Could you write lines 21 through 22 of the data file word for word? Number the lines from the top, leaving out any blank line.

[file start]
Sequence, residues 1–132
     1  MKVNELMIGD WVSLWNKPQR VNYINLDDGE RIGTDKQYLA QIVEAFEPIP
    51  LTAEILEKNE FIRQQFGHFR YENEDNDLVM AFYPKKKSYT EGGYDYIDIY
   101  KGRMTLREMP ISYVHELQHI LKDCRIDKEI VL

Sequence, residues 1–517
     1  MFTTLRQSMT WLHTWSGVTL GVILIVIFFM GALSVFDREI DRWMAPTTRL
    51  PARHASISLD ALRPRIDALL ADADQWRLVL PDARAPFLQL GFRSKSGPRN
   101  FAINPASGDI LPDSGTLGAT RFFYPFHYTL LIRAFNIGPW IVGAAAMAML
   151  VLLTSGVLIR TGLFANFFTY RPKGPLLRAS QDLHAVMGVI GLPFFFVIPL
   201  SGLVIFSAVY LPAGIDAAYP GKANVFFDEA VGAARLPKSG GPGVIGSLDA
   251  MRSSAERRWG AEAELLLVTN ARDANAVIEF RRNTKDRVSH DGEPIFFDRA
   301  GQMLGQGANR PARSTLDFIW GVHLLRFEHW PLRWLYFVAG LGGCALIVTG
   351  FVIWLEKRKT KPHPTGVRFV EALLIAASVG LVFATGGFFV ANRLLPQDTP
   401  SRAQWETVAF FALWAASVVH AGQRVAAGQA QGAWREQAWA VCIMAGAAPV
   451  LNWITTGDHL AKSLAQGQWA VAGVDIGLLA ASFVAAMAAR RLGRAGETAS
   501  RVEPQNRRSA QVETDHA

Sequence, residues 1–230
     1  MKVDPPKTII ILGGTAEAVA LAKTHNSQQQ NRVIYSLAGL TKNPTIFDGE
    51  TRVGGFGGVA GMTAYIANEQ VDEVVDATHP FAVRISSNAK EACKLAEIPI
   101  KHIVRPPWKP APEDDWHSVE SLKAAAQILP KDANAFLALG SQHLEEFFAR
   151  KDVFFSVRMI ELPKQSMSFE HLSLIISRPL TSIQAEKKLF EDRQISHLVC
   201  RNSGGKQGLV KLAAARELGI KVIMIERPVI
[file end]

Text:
   151  KDVFFSVRMI ELPKQSMSFE HLSLIISRPL TSIQAEKKLF EDRQISHLVC
   201  RNSGGKQGLV KLAAARELGI KVIMIERPVI